Does a high-fibre claim on premium ice cream still sound indulgent? Absolutely, says Koupe
Sweetened with a combination of sugar, xylitol and fructose, the ice cream contains around 70% less sugar than conventional ice cream and has 40% fewer calories and 80% less fat.
One serving also packs in more dietary fibre than a serving of broccoli (enough to make an on-pack health claim in Europe) and contains more protein than three egg whites.
'The high fibre claim sets us apart'
Yet its founder Jaco Pieper is adamant that Koupe’s main competitor brands are not located in the sports or nutrition aisle but are other premium, indulgent ice cream brands, and its website compares the nutritional profile of Koupe with that of Häagen-Dazs, Ben & Jerry’s and Magnum.
“There are some protein ice creams on the market, but we see two things: they use a lot of artificial flavourings or they don’t really taste like ice cream. First of all, we wanted to launch a great tasting product. Indulgence first!
“Then we looked into making the nutritional values better than anyone else in the market. High fibre was one of the propositions that set us apart from the competition, in addition to the high protein claim.”
The range has four flavours - banana, strawberry, vanilla and chocolate - which are all free from artificial colours and flavours, and contain between 20 and 30% fruit.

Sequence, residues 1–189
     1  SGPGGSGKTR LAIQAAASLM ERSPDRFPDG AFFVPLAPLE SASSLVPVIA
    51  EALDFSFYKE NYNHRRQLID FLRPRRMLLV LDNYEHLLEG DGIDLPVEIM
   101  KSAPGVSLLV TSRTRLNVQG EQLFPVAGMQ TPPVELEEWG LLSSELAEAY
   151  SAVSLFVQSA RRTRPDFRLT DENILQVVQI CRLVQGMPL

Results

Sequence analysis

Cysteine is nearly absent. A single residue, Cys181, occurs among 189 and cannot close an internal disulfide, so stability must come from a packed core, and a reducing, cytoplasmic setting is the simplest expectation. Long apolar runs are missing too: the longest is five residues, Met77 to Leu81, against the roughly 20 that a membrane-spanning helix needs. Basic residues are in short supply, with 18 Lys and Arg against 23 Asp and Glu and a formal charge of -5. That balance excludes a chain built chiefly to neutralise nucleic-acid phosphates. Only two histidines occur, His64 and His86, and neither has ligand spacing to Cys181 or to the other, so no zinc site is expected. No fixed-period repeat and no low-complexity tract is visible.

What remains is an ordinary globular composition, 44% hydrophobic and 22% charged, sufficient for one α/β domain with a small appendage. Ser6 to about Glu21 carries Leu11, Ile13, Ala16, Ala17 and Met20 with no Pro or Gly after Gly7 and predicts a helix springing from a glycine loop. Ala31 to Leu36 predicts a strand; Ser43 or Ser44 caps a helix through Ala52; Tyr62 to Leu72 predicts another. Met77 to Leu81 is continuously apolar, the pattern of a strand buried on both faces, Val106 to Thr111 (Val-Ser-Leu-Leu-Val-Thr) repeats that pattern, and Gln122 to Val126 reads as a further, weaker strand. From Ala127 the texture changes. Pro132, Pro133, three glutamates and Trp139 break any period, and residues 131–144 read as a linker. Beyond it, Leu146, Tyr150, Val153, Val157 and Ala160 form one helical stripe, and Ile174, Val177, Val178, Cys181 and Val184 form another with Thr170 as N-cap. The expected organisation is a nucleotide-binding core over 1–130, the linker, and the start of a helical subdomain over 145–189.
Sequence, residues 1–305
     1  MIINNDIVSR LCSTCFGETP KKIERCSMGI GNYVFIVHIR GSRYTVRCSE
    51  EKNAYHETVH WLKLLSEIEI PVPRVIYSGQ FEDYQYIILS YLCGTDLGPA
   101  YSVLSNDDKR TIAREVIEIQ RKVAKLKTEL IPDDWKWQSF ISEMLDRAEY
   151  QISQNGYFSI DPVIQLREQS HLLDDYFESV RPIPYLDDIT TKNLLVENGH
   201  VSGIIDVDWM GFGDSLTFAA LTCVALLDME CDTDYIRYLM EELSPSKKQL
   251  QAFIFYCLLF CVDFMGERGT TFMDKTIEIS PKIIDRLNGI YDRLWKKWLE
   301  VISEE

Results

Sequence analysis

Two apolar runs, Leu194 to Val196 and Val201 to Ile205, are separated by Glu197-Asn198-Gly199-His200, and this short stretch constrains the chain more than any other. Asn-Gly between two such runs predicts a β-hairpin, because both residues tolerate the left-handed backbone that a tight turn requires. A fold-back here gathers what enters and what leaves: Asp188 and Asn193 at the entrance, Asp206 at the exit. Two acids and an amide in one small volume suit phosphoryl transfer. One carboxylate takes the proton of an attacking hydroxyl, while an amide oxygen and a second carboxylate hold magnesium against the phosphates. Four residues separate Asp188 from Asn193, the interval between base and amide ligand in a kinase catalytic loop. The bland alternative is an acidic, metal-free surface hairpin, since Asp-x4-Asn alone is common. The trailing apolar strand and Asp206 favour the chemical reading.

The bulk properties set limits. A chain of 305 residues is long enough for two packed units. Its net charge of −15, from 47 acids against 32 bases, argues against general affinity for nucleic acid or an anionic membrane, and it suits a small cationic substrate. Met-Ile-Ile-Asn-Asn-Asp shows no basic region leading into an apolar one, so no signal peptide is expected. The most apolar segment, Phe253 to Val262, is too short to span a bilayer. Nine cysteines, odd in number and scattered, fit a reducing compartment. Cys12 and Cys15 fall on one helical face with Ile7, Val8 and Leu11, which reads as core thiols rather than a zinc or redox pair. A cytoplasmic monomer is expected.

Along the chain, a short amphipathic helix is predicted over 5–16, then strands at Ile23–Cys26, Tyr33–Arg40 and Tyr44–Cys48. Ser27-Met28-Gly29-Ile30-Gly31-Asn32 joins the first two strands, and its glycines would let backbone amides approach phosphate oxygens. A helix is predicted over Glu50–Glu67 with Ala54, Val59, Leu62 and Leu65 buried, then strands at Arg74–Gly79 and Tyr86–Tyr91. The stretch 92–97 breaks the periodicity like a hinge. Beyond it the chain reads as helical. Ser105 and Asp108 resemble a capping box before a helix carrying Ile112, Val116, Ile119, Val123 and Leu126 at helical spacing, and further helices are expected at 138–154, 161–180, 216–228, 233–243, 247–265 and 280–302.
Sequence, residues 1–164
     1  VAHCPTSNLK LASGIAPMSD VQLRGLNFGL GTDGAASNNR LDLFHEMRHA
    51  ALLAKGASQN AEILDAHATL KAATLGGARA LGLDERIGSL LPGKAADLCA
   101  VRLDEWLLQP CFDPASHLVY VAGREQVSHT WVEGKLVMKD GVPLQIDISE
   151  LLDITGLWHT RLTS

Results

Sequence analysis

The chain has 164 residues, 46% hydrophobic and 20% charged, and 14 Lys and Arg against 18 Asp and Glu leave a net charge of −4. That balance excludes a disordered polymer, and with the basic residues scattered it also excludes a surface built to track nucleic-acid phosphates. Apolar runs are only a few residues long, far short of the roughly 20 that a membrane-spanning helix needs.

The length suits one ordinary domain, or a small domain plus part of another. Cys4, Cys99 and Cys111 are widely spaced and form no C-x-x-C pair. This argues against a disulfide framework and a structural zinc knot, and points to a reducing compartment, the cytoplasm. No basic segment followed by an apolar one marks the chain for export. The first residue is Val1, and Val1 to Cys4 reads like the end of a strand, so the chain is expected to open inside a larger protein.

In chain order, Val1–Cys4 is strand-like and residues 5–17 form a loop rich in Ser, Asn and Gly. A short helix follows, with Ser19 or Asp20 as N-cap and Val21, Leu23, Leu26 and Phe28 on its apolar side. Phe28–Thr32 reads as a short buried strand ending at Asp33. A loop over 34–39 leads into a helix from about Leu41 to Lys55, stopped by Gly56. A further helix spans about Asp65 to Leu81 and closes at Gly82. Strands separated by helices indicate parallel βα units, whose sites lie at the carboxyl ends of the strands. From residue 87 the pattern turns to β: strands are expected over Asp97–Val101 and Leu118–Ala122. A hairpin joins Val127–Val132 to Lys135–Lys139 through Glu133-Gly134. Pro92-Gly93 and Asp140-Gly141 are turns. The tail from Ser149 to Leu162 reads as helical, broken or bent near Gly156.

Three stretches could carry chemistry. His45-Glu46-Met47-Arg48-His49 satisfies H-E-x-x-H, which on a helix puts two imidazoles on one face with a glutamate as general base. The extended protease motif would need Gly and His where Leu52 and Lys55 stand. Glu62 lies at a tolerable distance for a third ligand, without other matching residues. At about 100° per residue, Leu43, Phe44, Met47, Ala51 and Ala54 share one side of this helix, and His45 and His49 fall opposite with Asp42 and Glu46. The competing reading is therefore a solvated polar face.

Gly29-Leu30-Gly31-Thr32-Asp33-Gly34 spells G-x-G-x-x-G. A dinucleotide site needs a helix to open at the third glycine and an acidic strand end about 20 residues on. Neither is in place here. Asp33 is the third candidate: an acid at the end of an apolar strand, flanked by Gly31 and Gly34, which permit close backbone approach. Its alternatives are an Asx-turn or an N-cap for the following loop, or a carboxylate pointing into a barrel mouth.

A careful balance
The technical challenges of formulating a dairy-based product that is both low in fat and sugar and high in protein and fibre kept Pieper in the kitchen for two years before coming up with a recipe he was satisfied with.
“We prefer not to go into [the details of overcoming these difficulties] too much as it is part of our competitive advantage but the challenge was mouth feel, creaminess and texture. Reducing sugar and fat but still getting a good texture is difficult.
“Protein has some flavour issues, so you have to really balance and choose the right flavours, for example [by using] premium cocoa powders.”
The protein comes from whey protein isolate while the fibre is polydextrose.
Pieper, who ran his own marketing communications consultant for the past ten years and funded the venture entirely with personal savings, believes communicating directly with the consumer is key to highlighting the 'clean label' nature of the products.
"Unfortunately some things have very chemical sounding names, like xylitol, even though it is a perfectly natural sugar. We try educating our customers on our website."
Koupe scooped up best ice cream at the Dairy Innovations Awards last year in London and last week was one of three winning start-ups to be awarded Judges' Choice at FoodBytes Europe, held in Wageningen, the Netherlands.
“It is just amazing to see how far we have come in only three years’ time,” he says. “From developing the recipe and the brand to launching in three countries and receiving a number of awards! So we are very excited, it gives us great visibility to consumer, to retailers and to investors.”
It is currently looking for more distributors and retailers, and Pieper says the start-up is ready to scale up and supply “all volumes needed”.
The products retail for €4.99 in the Netherlands, with a listing at leading Dutch supermarket Jumbo, several Danish supermarkets and will be sold in the UK for £5.49 (€6.37) from next month onwards.
What is polydextrose?
Posted by Lucille Cholerton,